While most states still need to improve their teacher policies, including how teachers are evaluated and compensated, there has been a significant and positive shift in policies for most states, according to a new report from the National Council on Teacher Quality.
In its seventh annual State Teacher Policy Yearbook, the organization gave states an overall grade of C- for state laws, rules and regulations that are intended to shape teacher effectiveness, such as standards for how teachers are prepared, evaluated and rewarded.
Although still not a top mark, that evaluation is up from a grade of D+ in 2011 and from a D in 2009. Topping the list in 2013 was Florida with a grade of B+, followed by Louisiana, Rhode Island and Tennessee, which all received B's.
"The grades of the states that are at the top of the list have really gone up quite dramatically in the last few years," says Sandi Jacobs, vice president and managing director for state policy at NCTQ. "We've seen a real shift in policy. When we first started doing this work, most states were closer to the bottom of the pack."
But as more states start to make strides in improving their teacher policies, Jacobs says there has been an increasing gap between the states at the top and bottom of the rankings. Montana, for example, has consistently received an F score in the NCTQ report. Alaska, Iowa, Kansas, Nebraska, New Hampshire, North Dakota, Oregon, South Dakota, Vermont and Wyoming also have not made notable progress in recent years, according to the report.
Among states that have made changes, the report points out a "seismic shift" in policies relating to teacher evaluation systems. In 2013, for example, 28 states required annual evaluations of all teachers, compared with 15 in 2009. And many more states – 35 in 2013 – are requiring "significant or preponderant use" of student growth data in those evaluations.
Student growth measures are increasingly being tied to outcomes for teachers, including whether they receive tenure, or whether they get fired.
Additionally, 20 states now require that student performance be included as a factor in decisions on granting teachers tenure. Twenty-nine states now mandate that teacher ineffectiveness is grounds for dismissal, and 18 use teacher performance information in layoff decisions.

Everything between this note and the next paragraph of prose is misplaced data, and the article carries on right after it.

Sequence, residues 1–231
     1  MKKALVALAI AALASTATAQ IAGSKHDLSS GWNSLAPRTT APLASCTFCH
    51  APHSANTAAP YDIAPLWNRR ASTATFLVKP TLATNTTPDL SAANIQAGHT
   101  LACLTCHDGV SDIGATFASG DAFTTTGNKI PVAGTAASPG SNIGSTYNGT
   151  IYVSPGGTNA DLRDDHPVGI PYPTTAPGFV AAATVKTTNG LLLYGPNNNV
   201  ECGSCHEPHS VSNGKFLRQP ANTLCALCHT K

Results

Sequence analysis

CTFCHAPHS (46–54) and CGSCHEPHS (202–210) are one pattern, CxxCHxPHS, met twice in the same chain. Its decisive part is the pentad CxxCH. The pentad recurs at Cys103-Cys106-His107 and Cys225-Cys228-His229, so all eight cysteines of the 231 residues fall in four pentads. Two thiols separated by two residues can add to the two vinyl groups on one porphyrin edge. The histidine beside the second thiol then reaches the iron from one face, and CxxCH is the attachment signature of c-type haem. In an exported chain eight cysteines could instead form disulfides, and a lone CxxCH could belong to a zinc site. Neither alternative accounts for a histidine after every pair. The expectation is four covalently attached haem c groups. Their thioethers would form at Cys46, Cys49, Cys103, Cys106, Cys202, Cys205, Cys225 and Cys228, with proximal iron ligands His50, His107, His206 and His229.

Many teacher advocates have condemned the use of "value-added" models in teacher evaluations. Such models attempt to measure a teacher's contribution to student growth by comparing the test scores of a particular teacher's students to past years, as well as to other students in the same grade.
Mark Pudlow, a spokesman for the Florida Education Association – the top-ranked state's teachers union – said Florida teachers "will be surprised" to learn the state is so highly ranked in teacher policies.
"Teachers here feel overwhelmed and they don't think that the radical transformation of the teaching profession imposed by political and business leaders is an accurate reflection of what is needed in the classroom," Pudlow says.
Pudlow says Florida's value-added model, which accounts for 50 percent of a teacher's evaluation, is seen by teachers "as a joke."
"There is little trust in a complicated [value-added] formula that is difficult to understand and doesn't account for some measures that have an impact on student success," Pudlow says. "The reform movement and its corporate funders may love these kinds of ratings, but teachers are more than a little skeptical."
Jacobs says that although evidence of student learning should be an important part of teacher evaluations, it shouldn't be the only factor used.
"We think systems need to have multiple measures that give you different views of teacher performance," she says. "Of the systems we see around the country, many, many states have moved to bring student achievement into teacher evaluation, but we don't see any state that is requiring or developing a system where that would be the sole measure."
While examining other state policies related to teachers, such as preparation, Jacobs also noted an increase in the number of states requiring elementary teacher candidates to pass subject-matter tests that independently measure a teacher's knowledge in certain subjects.